Magazine article Newsweek International

Unintelligent Design; U.S. Schools Have Been Invaded by Second-Rate Theorists. This New Creationism Is Not Only Bad Science; It Is Bad Logic, Bad Philosophy and Even Bad Theology

Magazine article Newsweek International

Unintelligent Design; U.S. Schools Have Been Invaded by Second-Rate Theorists. This New Creationism Is Not Only Bad Science; It Is Bad Logic, Bad Philosophy and Even Bad Theology

Article excerpt

Byline: Richard Dawkins (Dawkins is the Charles Simonyi Professor of the Public Understanding of Science at Oxford University. His latest book is The Ancestor's Tale.)

s conscious animals, we think of knowledge as something that we consciously know. A zoologist might see knowledge as facts that are useful for survival and reproduction, whether or not they are known to a mind. An orb spider's survival tool is its web, and it behaves as if it "knows" how to build it.

But a spider doesn't know how to make a web as a fisherman knows how to make a net. Spider genes are a recipe for legs, muscles and spinnerets, together with a brain whose wiring diagram causes it to manipulate muscles in such a way that a web automatically results. The spider presumably knows nothing of webs or flies, any more than you knew how to build yourself during your nine months of unconscious gestation. Genes literally don't know anything, but in a powerful sense they store knowledge about environments from the ancestral past. They "know" about their environment in the special sense that a key "knows" the lock that it uniquely fits. To the extent that the future resembles the past, locks open and bodies survive to pass on the same genes. To the extent that it doesn't, bodies die, with the genes inside them. In extreme cases, whole species go extinct. But how do genes read information out of the environment?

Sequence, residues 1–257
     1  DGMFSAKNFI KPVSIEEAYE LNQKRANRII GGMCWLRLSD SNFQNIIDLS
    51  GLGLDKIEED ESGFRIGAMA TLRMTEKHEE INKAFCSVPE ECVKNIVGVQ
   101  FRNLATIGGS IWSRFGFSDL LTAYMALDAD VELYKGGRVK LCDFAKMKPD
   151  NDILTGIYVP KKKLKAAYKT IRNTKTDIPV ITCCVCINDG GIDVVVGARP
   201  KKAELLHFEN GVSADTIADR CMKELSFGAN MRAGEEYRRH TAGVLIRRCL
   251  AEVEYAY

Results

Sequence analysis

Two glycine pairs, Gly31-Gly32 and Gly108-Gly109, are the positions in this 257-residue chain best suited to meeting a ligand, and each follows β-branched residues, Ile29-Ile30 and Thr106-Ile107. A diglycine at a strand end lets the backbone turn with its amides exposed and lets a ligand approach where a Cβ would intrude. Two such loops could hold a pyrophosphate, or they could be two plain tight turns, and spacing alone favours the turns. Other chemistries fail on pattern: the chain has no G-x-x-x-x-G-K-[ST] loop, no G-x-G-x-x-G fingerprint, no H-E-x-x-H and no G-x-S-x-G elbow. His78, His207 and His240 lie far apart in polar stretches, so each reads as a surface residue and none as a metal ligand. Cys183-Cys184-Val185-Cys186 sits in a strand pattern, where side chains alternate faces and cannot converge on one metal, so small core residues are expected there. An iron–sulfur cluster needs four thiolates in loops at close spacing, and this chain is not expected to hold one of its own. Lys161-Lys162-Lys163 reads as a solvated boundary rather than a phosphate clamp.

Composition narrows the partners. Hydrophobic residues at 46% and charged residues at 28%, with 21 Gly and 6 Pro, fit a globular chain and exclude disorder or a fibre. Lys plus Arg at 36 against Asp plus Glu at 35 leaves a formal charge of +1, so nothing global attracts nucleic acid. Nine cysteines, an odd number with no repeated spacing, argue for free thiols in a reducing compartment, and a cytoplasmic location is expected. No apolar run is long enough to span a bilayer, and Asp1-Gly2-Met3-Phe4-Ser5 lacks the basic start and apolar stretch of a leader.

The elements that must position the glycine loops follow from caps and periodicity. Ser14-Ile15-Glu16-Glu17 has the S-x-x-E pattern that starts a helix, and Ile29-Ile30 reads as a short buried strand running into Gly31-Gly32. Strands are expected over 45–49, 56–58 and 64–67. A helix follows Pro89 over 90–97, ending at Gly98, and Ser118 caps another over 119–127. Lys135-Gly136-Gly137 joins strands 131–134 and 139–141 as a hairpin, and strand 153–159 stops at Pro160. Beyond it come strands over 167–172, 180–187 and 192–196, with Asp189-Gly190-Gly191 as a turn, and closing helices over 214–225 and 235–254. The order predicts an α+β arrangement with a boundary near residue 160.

This is the indispensable role of natural selection, the engine of evolution first discovered by Charles Darwin, although he expressed it differently. Neo-Darwinians speak of the nonrandom survival of genes in gene pools. As generations pass, good genes become more frequent in the gene pool; bad genes disappear. "Good" means good at building bodies that survive to reproduce in the environment of the species: woodland, sea, soil, coral reef, etc.

As a sculptor shapes a statue by subtraction of marble, so natural selection chisels the gene pool toward perfection as generations go by. New variation is added to the gene pool by mutation--random mistakes that occasionally turn out to be superior. The randomness of mutation is partly responsible for the widespread, ludicrous misconception that natural selection itself is a random process.

Nonrandom natural selection, automatically and without awareness, funnels information about environments into the DNA of a species. This coded information fosters the illusion that organisms were designed precisely for their environments. Think of the uncanny resemblance of camouflaged insects to the background on which they sit. Think of the vertebrate eye with its color-coded retina, variable focus lens and light-metered fine adjustment of the pupil. But think, too, of the strange fact that the vertebrate retina (though not that of the independently evolved octopus) is back to front. Light has to pass through a forest of connecting wires before hitting the photocells: exactly the kind of excess complexity you would expect of an evolved, as opposed to designed, instrument. The "mistake" is a relic of history.

Several factors conspire to make the natural illusion of design persuasive, complex and often beautiful. "Arms races" between predators and prey, or parasites and hosts, drive the perfection of evolutionary adaptation to spectacular heights. Perfection is enhanced by large numbers of genes, each of small effect, cooperating with each other in cartels of long standing. The evolution of beauty is abetted by the principle that Darwin called sexual selection. The gorgeous colors of a male bird of paradise certainly don't help it to survive as an individual. They do help the survival of genes that make them attractive to females.

Above all, the illusion of design depends upon the gradual accumulation of small improvements, escalating to levels of complexity and elegance that could not conceivably be achieved in a single lucky step. …

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